In the meantime, St. Paul’s scarcity of homes, and restrictions on development, have apparently added 20%-25% to the value of my home in merely two years. As a rational person, I’m starting to ponder on the appropriate dollar amount to sell at, and take my young family elsewhere. There is a point at which logic and finances will dictate no other reasonable course. I bought here not just for the unique old house, but also because proposed developments like the Ford site indicated a community poised to thrive and grow. I’m wondering if that judgment was in error.

 

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30 Responses to St. Paul Housing: A Modern Historical Tragic Comedy

  1. Chris Moseng
    Chris Moseng July 23, 2018 at 11:00 am #

    This is a fantastic post. Good to read some realistic economic analysis of the facts on the ground. It also coincides with my own recent experience in the market.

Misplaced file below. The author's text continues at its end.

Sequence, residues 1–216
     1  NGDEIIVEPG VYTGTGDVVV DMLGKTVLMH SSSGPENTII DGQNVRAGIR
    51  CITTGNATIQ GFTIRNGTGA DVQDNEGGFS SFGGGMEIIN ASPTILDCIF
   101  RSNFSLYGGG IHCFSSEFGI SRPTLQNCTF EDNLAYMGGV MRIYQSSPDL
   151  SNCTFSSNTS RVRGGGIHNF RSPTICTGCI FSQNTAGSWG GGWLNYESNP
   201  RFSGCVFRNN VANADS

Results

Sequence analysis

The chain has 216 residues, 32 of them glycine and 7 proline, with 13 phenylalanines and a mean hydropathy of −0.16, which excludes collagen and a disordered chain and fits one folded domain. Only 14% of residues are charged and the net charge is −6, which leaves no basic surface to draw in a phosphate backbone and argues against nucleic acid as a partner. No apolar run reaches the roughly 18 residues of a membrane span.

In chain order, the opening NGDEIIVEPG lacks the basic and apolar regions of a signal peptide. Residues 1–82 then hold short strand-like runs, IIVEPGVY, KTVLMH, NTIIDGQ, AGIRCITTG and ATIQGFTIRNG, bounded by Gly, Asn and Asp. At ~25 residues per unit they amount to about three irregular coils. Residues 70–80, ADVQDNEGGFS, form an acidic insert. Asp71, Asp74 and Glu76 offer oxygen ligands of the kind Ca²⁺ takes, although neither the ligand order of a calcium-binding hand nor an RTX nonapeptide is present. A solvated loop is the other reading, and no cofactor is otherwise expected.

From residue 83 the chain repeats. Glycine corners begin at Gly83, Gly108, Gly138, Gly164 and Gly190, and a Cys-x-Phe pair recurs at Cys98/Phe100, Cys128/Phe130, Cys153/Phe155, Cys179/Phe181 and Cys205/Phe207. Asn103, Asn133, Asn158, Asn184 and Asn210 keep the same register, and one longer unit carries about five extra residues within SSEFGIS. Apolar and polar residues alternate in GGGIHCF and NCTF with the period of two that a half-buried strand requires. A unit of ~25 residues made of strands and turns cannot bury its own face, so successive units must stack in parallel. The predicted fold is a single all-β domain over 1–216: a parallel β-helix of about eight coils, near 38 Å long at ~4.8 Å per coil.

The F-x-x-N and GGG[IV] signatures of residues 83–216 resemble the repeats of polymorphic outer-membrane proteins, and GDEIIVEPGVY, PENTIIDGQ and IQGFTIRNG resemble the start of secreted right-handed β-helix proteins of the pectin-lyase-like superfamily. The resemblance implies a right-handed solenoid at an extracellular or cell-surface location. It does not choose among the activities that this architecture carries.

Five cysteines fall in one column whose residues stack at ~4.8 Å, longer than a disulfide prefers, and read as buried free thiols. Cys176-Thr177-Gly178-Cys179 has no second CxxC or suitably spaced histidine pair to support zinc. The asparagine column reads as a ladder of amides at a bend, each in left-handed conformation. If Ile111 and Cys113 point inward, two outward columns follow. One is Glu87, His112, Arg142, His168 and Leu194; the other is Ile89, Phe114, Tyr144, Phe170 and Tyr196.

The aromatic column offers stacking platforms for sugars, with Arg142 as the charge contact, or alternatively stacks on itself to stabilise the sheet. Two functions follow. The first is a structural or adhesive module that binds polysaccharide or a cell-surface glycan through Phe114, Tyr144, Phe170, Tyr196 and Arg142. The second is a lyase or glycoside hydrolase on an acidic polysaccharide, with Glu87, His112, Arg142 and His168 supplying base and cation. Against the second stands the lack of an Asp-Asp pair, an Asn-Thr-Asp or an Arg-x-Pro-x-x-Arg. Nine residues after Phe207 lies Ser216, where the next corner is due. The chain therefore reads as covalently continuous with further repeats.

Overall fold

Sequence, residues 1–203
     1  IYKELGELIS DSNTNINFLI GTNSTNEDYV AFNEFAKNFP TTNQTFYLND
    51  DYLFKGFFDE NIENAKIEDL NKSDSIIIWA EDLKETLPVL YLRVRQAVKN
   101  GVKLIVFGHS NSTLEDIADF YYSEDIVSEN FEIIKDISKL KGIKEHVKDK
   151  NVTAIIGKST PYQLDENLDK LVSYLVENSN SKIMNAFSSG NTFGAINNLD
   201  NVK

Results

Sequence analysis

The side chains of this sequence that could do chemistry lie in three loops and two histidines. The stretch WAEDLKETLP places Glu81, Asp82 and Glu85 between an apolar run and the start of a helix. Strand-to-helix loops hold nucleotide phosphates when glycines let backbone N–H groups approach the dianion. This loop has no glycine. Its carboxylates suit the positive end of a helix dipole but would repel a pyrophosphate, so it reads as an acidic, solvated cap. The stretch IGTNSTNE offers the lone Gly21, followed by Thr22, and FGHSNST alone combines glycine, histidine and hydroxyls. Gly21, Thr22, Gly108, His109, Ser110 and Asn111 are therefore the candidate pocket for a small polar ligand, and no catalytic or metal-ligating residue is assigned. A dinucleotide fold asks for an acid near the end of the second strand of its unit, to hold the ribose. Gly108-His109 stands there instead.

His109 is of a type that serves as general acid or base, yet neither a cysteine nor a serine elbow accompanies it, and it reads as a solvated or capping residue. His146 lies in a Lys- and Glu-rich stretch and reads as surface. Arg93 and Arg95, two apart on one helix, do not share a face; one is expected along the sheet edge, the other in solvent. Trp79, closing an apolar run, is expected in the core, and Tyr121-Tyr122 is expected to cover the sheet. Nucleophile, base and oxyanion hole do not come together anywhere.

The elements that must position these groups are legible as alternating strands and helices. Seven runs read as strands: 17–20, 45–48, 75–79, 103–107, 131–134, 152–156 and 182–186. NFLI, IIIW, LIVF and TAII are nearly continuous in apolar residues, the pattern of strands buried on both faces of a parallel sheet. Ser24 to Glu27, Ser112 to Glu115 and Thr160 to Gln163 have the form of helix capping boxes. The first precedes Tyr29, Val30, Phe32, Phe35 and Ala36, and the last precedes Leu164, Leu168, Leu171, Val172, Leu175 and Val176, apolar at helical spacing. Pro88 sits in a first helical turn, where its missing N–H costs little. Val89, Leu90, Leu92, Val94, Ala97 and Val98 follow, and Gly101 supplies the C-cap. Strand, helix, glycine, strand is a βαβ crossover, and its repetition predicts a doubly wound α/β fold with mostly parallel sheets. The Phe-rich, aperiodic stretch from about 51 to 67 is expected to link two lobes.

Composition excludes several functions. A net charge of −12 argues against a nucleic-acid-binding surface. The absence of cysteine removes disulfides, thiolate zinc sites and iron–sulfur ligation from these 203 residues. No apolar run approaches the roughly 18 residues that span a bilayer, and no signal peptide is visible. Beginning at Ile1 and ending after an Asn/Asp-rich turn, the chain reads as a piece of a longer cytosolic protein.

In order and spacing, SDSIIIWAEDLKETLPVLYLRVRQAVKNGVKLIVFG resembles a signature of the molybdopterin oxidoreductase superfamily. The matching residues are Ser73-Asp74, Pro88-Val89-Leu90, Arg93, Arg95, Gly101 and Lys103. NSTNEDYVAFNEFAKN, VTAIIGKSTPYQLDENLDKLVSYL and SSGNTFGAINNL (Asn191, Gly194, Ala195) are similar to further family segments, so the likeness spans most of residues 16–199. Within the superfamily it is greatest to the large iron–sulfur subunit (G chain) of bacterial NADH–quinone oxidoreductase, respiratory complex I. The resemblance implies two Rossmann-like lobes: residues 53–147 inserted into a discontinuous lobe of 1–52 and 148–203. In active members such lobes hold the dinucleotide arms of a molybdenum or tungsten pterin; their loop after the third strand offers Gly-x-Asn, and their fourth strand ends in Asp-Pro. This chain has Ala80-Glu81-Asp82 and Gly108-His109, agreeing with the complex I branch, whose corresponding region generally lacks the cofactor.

Preservation entails more than simply not tearing something down. The anti-density advocacy I’ve been reading chiefly preserves things with wishful thinking, government regulation, and other people’s money.

  2. Justin July 23, 2018 at 12:33 pm #

    “The sickness will spread, while the houses decay into stratospherically expensive decrepitude, the schools will decline as families take their children to suburban homes and schools. The decline of the schools will be another reason for young families to avoid St. Paul, and as they do so, the homes will crumble and the tax base recede.

    But they’ll be historic.”

    Very well said, some of the country’s most troubled cities are loaded with historic architecture, and while that can be an invaluable asset, it can also lead to decay when that architecture has no usefulness to people who currently need places to live or work.

  3. codyzwief July 23, 2018 at 12:57 pm #

    This is a great post. Thank you for making it.